There is another reason to resist being of this world — not just for seminarians but also for all fervid Catholics. ”This world is not the end,” Bashista reminded me. ”That communion we’re seeking will happen in the next life.” Heaven is the subject of rich fantasy among the seminarians; they imagine it as a place unfettered by limitations of time or space, where they will meet and love the many anonymous strangers they pass each day in restaurants and highways. Jim Crisman, a seminarian from Denver who taught for a time in Slovakia, recalled one day: ”I’d go to a 4:00 Mass every day in Slovakia, and I’d see the old women coming in. I couldn’t communicate with them. And I was thinking, I don’t know anything about them, but I will someday. This isn’t the last time that I’ll see them.”
A week after the museum trip, I joined the seminarians for Mass, which is at 7:00 each morning in Immaculate Conception Chapel, whose putty-colored walls are trimmed with gold and turquoise, and which smelled that morning of incense and after-shave. Many seminarians had been praying in the chapel since 6:15; prayer forms the core of the seminary experience, and the men talk about their prayer lives the way most people talk about their love lives. At times their prayer is strong, full and deep (some seminarians call this feeling the ”warm fuzzies”); at others it is dry and without feeling, reverberating an emptiness through their lives.
After morning Mass and breakfast, the seminarians attend classes, which include moral theology, philosophy, scripture and church history. During their fourth year, they practice celebrating the Mass and hearing confession, often from recent graduates, who return to campus and play the penitents, inventing sins for seminarians to hear. The Rev. Mark Moretti, one such volunteer who is now an associate pastor in Alexandria, Va., explained the purpose of such role playing: ”Are you able to judge what you’re hearing? Are you able to give a suitable penance? If you have a little old lady coming in to confess her sins and you hammer her with a novena” — a penance lasting nine days — you’re too extreme.”
Bashista and the other deacons’ first class this day was Marriage and Family, where seminarians were learning to prepare betrothed couples for marriage. After the class recited the Our Father, the teacher, Sister Paula Jean Miller, got down to business: the topic of the day was ”the theology of sexuality.” Drawing on Pope John Paul II’s theology of the body, Miller explained that ”total self-donation,” or ”self-gift,” is the goal for human relationships — and also a way of explaining why married people should not use contraception.
”Sexual intercourse is a cause of grace within the sacrament of marriage,” Miller said. ”Just as the Father gives himself totally to the Son and the Son gives himself back totally to the father, that’s the standard of love for us. Contraception is a holding back of some very critical aspect of ourselves, of who I am. It’s saying to you, I want you but I don’t want your fertility, at least not right now. And the goal is total self-gift.” (Actually, a majority of Catholic theologians disagree with this position.)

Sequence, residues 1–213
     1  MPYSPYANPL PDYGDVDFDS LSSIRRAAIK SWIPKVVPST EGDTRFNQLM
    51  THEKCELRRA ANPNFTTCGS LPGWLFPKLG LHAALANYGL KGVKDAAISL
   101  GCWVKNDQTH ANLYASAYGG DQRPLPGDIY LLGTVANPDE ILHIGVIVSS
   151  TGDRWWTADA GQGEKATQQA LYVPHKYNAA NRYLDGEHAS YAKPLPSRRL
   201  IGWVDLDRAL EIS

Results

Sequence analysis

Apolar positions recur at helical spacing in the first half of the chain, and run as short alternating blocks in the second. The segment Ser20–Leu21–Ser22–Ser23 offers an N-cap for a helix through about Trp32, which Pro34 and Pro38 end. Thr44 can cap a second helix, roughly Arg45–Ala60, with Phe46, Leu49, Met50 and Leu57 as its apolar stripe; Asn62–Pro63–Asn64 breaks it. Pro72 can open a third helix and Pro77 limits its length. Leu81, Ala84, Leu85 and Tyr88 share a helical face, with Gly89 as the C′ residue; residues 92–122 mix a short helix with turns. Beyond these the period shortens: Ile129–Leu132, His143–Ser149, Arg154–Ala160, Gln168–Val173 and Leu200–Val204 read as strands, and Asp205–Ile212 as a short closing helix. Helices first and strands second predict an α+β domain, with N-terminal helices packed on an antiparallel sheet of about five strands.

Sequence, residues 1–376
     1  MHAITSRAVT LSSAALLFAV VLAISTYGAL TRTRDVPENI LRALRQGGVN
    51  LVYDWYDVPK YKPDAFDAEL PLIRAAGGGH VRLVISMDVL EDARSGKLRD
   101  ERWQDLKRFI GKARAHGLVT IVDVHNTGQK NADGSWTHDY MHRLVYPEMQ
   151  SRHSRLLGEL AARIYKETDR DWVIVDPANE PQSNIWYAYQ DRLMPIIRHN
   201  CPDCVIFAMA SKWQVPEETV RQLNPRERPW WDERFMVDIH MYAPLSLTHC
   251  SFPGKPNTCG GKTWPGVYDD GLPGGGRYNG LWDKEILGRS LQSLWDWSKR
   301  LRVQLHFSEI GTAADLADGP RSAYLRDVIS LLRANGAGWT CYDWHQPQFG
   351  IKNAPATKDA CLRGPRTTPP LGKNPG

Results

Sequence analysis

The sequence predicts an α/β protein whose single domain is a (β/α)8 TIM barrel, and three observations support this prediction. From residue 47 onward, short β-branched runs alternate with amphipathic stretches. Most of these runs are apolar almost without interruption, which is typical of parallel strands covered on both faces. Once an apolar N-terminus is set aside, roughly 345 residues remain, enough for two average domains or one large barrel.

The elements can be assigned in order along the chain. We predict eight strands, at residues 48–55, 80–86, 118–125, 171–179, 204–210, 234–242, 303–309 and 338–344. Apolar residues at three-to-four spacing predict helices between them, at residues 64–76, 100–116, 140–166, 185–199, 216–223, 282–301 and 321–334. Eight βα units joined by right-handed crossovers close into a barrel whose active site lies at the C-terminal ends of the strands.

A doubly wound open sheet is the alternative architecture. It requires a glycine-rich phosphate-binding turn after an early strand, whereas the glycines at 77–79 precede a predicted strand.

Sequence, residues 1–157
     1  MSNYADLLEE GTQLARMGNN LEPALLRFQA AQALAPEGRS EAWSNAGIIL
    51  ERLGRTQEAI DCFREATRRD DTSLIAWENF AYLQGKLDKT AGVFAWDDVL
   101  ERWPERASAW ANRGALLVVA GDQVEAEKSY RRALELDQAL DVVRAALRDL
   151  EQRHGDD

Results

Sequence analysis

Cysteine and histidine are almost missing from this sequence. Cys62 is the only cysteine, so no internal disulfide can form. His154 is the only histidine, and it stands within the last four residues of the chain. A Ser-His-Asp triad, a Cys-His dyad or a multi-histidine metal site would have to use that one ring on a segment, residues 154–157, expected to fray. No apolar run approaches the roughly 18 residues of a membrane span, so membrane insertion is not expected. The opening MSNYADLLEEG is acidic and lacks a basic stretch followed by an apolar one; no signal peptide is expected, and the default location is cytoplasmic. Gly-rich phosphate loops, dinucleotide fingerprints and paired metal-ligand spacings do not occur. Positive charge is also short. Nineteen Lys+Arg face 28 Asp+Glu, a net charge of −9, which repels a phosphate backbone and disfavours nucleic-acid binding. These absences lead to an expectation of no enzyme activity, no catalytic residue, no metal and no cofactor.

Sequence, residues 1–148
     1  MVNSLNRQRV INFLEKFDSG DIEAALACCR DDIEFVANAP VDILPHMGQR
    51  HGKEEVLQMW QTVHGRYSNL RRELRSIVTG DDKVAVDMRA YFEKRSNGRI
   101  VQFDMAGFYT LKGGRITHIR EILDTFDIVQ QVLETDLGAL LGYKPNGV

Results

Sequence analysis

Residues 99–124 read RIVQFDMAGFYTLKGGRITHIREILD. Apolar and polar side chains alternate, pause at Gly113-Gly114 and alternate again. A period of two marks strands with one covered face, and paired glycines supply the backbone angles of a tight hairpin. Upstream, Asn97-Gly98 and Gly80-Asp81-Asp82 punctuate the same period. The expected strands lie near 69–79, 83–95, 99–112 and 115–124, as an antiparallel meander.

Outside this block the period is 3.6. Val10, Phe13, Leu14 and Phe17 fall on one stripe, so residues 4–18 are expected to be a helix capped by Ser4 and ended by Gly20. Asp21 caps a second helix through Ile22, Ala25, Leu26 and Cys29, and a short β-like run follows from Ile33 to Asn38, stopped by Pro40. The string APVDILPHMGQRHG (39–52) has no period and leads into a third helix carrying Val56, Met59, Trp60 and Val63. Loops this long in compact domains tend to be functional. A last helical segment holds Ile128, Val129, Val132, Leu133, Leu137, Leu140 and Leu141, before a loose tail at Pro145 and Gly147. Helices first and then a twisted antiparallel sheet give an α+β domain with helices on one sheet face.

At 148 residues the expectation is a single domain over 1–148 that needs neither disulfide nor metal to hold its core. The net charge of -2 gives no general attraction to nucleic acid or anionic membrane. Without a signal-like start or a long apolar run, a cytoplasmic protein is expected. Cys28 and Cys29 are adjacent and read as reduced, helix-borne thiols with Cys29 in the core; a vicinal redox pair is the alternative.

Only in the last 30 years has the concept of self-gift come to coexist with procreation in the Catholic Church as the criterion for the moral rightness of a sexual act, according to Richard McCormick, professor of theology at the University of Notre Dame. Self-gift, the seminarians are taught, can be used to explain what is wrong with masturbation (it involves no giving to another), lust (it involves taking rather than giving, thus reducing one’s partner to the status of an object) and homosexuality (the ”other” is not other, and thus self-gift is not really possible).
That an intricate discussion of sex and morality was being conducted by 40 men and one woman who have taken vows of celibacy is a stark reminder of a major difficulty facing the Catholic Church in America: how can a celibate clergy persuade sexually active lay people to allow the church to regulate their sex lives?
For while American Catholics tend to believe and accept the church’s teaching on most doctrinal issues, according to Gallup polls, more than 80 percent of them, in defiance of doctrine, approve of artificial contraception, two-thirds say that premarital sex is morally acceptable (among Catholics under 35, the figure is as high as 9 out of 10), nearly half say that homosexual activity can be morally acceptable and roughly half say that abortion (excluding late-term ”partial birth” abortions) should be legal in many or all cases. In addition, most American Catholics would support a married clergy, and most approve of the notion of female priests.
Diocesan priests, as liaisons between the church hierarchy and the laity, are caught in a morality gap between the two — asked to promote unpopular views that in many cases they themselves do not share. According to a 1994 Los Angeles Times survey, nearly half of American priests believe that birth control is seldom or never wrong; even more say the same of masturbation. As a result, few Catholics hear preaching on touchy sexual issues on any given Sunday.
This is about to change, say the seminarians at Mount Saint Mary’s — they have every intention of preaching on these topics, and some deacons already have done so in the parishes they were assigned to last summer. ”If people had the great opportunity we have to learn and to pray and to study,” Bashista said, ”maybe they would come to a consensus with what the church is teaching and think of the beauty of it rather than the Thou Shalt Not. And that is our obligation: to preach and to teach the truth in charity and in love, and to be patient.”